On August 6, 1965, just 153 days after John Lewis was beaten on the Edmund Pettus Bridge, the Voting Rights Act was signed into law. The televised beating of young demonstrators including Lewis, then age 25, was the impetus for President Lyndon Johnson to push the Voting Rights Act through Congress and get it on his desk for signature.
This landmark bill protects the right to vote, particularly for Black and brown voters, providing protection against states and other jurisdictions that seek to disenfranchise voters based on race. Congressman Lewis was among those present for the signing of the VRA, which marked a culmination of his work as Chairman of the Student Nonviolent Coordinating Committee.
Since 1965, the Voting Rights Act was extended or reauthorized 5 times — in 1970, 1975, 1982, 1992, and 2006 — with strong bipartisan support each time. John Lewis fought to preserve and expand the Voting Rights Act as a Member of Congress for 34 years. But Republicans, many who had previously supported the VRA, began to see it as a barrier to their objective of suppressing the votes of Americans who do not support their Party.
In 2013 in Shelby v. Holder, the conservative-led U.S. Supreme Court agreed with Republicans, gutting Section 5 of the VRA, essentially removing the preclearance requirement that had stopped Republican legislators and secretaries of state in key states and jurisdictions from implementing racially biased changes to voting. The Supreme Court’s conclusion? That the coverage formula that determined which jurisdictions needed to preclear their voting changes was outdated, despite many recent examples of discrimination in voting.
Lewis condemned the ruling, saying, “the Supreme Court stuck a dagger into the heart of the Voting Rights Act of 1965, one of the most effective pieces of legislation Congress has passed in the last 50 years… I disagree with the court that the history of discrimination is somehow irrelevant today. The record clearly demonstrates numerous attempts to impede voting rights still exist.”
Following the Shelby decision, over 850 polling places closed in previously protected jurisdictions and Republicans swept in a flurry of voter suppression laws that made it harder for people of color to vote — laws that had previously been prevented thanks to Congressman Lewis’s efforts.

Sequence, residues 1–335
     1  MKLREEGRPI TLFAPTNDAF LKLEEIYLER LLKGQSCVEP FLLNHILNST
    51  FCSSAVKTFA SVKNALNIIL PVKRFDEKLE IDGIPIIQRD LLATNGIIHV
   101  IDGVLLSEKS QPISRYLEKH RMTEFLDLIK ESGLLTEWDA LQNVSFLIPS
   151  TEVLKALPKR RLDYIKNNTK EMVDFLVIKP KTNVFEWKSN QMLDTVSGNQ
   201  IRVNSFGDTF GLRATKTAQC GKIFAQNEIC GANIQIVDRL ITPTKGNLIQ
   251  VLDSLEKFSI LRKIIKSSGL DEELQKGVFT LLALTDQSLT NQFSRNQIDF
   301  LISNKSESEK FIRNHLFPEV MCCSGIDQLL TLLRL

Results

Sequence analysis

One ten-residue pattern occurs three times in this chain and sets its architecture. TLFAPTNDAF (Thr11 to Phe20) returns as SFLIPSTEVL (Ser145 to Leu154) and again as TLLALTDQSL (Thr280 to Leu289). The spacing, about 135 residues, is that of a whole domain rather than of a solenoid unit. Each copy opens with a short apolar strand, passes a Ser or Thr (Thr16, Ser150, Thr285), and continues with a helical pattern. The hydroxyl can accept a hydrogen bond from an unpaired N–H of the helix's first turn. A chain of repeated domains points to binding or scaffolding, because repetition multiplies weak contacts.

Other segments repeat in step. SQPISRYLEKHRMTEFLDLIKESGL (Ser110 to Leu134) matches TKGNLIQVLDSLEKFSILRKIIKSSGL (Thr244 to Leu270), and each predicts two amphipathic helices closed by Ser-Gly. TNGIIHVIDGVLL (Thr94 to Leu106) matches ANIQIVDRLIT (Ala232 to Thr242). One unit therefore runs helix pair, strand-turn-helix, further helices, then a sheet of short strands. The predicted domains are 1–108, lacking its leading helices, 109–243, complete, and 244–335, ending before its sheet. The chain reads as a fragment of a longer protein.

Today, the same Republicans issuing statements and expressing sadness about the passing of Congressman Lewis are currently fighting to further dismantle his life’s work and gut Section 2 of the VRA, which prohibits racial discrimination in voting laws. The objective in the new case, Brnovich v. DNC, is clear: roll back the progress that Congressman Lewis achieved and bled for.
- Seven Republican United States Senators are fighting to dismantle the VRA in court.. They include: Sens. Tom Cotton (R-AR), Jim Inhofe (R-OK), James Lankford (R-OK), Marsha Blackburn (R-TN), John Cornyn (R-TX), Ted Cruz (R-TX) and Mike Lee (R-UT).
- Seventeen Republican State Attorneys General are fighting to dismantle the VRA in court. They include: Steve Marshall (AL), Kevin G. Clarkson (AK), Leslie Rutledge (AR), Christopher Carr (GA), Lawrence G. Wasden (ID), Aaron Negangard (IN-Deputy), Daniel Cameron (KY), Jeff Landry (LA), Lynn Fitch (MS), Douglass J. Peterson (NB), Dave Yost (OH), Mike Hunter (OK), Alan Wilson (SC), Jason Ravnsborg (SD), Herbert H. Slatery III (TN), Ken Paxton (TX), Patrick Morrisey (WV).
- Eight Republican state legislative leaders are fighting to dismantle the VRA in court. They include: Matt Simpson (AL), Speaker of the House Rusty Bowers (AZ), President of the Senate Karen Fann (AZ), David Ralson (GA), Ron Ryckman (KS), Paul Gazelka (MN), Elijah Haahr (MO), Brady Brammer (UT).
- Three Republican Secretaries of State are fighting to dismantle the VRA in court. They include: Michael Adams (KY), R. Kyle Ardoin (LA), John R. Ashcroft (MO).
- In John Lewis’s adopted home of Georgia, House Speaker David Ralston and Attorney General Chris Carr signed their names to amicus briefs to further erode Lewis’ life’s work. Weeks before, Ralston also saidexpanding vote by mail “will be extremely devastating to Republicans.”
As John Lewis said last year, “There are forces in this country that want to keep American citizens from having a rightful say in the future of our nation. That’s why the VRA was gutted.”
If Republicans want to honor Congressman Lewis’ legacy, the path is clear: halt their assault on voting rights, and commit to restoring and expanding the Voting Rights Act. Until then, their words ring hollow and their actions add to a bloody history of voter suppression in this country, and that will be their legacy.
Links to current, Republican efforts to further gut the Voting Rights Act: